Wednesday, July 02, 2008

Rebuttal Posted in Sola Scriptura Debate

For those who are interested, I have posted my rebuttal in the on-going Sola Scriptura Debate (link). My papist colleague's rebuttal is due August 1, 2008. I hope that the debate will edify and educate the readers.

-TurretinFan

6 comments:

Ben Douglass said...

Unlike the prophets and apostles who had revelation from God, the popes and councils do not perform signs and wonders testifying to their gifts. When is the last time a pope raised a man from the dead? When is the last time the shadow of a council caused cripples to walk? God gave the prophets and apostles signs that confirmed their prophetic gifts. The church of Rome does not have such tokens.

I would recommend that your read the lives of the Catholic saints. St. Pio of Pietrelcina would be a good place to start. I also recommend Our Lady of Fatima by William Thomas Walsh and Meet the Witnesses by John Haffert. This book seems appropriate as well, though I have not yet read it myself:

https://www.tanbooks.com/index.php/page/shop:flypage/product_id/253/category_id/20/

I think you will find that Catholic saints consistently fullfil John 14:12, and this indirectly establishes the authority of the Church.

Ben Douglass said...

That’s not to say that the less-papist nations are better: simply that this supposed tradition actually provides no significant benefit to those associated with the church that claims it is from God.

When Catholics actually practice their religion faithfully, this tradition does indeed provide significant benefit. Apostate or nominal Catholics do not represent Catholicism any more than apostate or nominal Protestatns represent Protestantism.

Turretinfan said...

Dear Ben,

Don't mistake me: I'm not suggesting that the tradition would be net-unbeneficial if faithfully followed.

As for the analogy to apostate/nominal Protestants ... I usually am quick to point out that the analogy does not make much sense, because "Protestantism" is not a well-defined category. It has no central body to decide who are members.

It would make sense (if I were an Eastern Orthodox person) for you to compare papist nations with "Orthodox" nations - and the result would probably be similar levels of self-sterilization and generational depopulation due to the use of abortion and contraceptives.

Yet neither Moscow/Constantinople nor Rome (afaik) has taken substantial measures to excommunicate those who are merely nominal and/or apostate except in rare circumstances.

Conservative Reformed churches do take the matter seriously and do exercise discipline against merely nominal and apostate members.

The Southern Baptists recently passed a resolution which, if they keep it, will result in them having a similar practice.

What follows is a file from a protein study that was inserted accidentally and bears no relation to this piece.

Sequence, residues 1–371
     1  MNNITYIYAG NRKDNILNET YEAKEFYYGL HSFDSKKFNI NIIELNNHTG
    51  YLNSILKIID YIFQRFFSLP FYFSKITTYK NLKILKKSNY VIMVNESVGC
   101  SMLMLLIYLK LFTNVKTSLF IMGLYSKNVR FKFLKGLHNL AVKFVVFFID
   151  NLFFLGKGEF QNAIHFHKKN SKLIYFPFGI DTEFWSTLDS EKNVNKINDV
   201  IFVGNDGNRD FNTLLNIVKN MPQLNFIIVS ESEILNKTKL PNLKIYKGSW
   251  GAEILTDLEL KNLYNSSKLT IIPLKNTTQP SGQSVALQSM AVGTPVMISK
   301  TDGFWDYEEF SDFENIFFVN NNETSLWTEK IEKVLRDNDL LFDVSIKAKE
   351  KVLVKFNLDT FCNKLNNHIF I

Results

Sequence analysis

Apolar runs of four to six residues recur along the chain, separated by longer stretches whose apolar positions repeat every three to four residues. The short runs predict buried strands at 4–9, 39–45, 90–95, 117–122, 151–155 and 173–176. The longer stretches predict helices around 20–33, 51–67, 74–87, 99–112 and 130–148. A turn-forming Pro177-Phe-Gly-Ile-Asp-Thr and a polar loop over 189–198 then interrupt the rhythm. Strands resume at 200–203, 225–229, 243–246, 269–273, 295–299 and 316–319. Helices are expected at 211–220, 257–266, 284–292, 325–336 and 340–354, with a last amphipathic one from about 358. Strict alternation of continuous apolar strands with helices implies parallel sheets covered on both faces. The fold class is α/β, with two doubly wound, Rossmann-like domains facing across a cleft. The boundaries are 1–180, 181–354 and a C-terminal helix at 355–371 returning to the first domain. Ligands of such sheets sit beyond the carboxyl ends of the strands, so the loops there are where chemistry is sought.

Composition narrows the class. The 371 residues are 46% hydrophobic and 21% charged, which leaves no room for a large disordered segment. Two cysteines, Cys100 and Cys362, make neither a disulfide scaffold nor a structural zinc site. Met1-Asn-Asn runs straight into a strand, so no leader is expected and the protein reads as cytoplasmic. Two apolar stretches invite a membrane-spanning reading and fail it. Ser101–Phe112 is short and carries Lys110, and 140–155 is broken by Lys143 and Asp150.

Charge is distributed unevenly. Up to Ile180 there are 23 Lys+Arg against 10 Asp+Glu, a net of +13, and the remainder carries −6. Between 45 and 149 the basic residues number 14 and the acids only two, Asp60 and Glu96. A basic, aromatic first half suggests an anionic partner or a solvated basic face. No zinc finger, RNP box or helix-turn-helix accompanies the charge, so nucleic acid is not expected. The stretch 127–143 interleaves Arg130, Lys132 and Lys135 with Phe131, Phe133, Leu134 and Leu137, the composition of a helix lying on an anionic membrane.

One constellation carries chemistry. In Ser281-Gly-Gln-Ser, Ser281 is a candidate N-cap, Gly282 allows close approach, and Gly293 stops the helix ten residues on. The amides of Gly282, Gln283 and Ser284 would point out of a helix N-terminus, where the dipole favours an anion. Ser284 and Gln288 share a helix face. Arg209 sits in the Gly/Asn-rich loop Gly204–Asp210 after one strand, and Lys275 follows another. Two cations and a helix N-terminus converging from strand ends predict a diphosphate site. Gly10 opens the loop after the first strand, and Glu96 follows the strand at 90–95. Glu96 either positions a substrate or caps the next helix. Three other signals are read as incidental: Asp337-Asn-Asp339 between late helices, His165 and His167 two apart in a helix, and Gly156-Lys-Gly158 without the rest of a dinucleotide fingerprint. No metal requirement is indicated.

In short, while it would be absurd to suggest that the nominal/apostate folks who are in communion with Rome represent "orthodox Catholicism," they do nevertheless reflect on the religion. That is especially the case where the nominal folks make up the vast majority of the rolls of the church.

I don't know about Ireland (with which you seem to be more familiar) but it appears that in Italy nominal "Catholics" outnumber their more faithful counterparts 2-to-1.

Are these nominal/apostate people "Catholics" or aren't they? If they are, then bringing them up is fair game, don't you think? If they are not, (a) why do "Catholic" priests keep giving them the sacraments, and (b) why do they keep getting included in the "billion Catholics"-type claims?

Perhaps this is not a matter that can be easily resolved. Perhaps you feel I'm being unfair. So be it. Ultimately, the ad hominem issue only comes up because it is claimed that Roman Catholicism is "the Church," rather than "a church." All churches have problems, but if "the Church" is mostly nominal, we have a more serious problem.

-TurretinFan

Ben Douglass said...

Are these nominal/apostate people "Catholics" or aren't they?

If one is guilty of a mortal sin of heresy, schism, or apostasy, then one is not a Catholic (Mystici Corporis Christi, 23). I imagine that most non-practicing "Catholics" are guilty. As such, the claim that there are a billion Catholics in the world is probably inappropriate.

As for why Catholic priests keep giving nominal members the Sacraments, the most obvious reason is that priests don't know every person who approaches them at the Communion line. Who's to say whether this or that unfamiliar face is an apostate who comes twice a year to please Grandma, or a devout visitor from out of town? Unrepentant sinners are typically not the sort to disclose their sins to the priest (if they were, they would be penitent). In a large Catholic parish it's very easy to fly under the radar.

Furthermore, if the person's sin is private, all the priest can do is tell him not to come to Communion; he cannot refuse him Communion if he approaches anyway. Canon law requires that his sin be public before the priest can publicly deny him Communion (personally, I don't understand this rule, and would probably change it if I were Pope).

Turretinfan said...

Thanks for the very reasonable answer, Ben!

Turretinfan said...

"I would recommend that your read the lives of the Catholic saints. St. Pio of Pietrelcina would be a good place to start."

I understand that claims about "Catholic saints" are made. The issue is that normally the more amazing miracles are said to be performed primarily by those whose teachings are essentially insignificant.

Maybe things are different within your church - but I have not heard too many people quoting St. Pio as though he were inspired.

-TurretinFan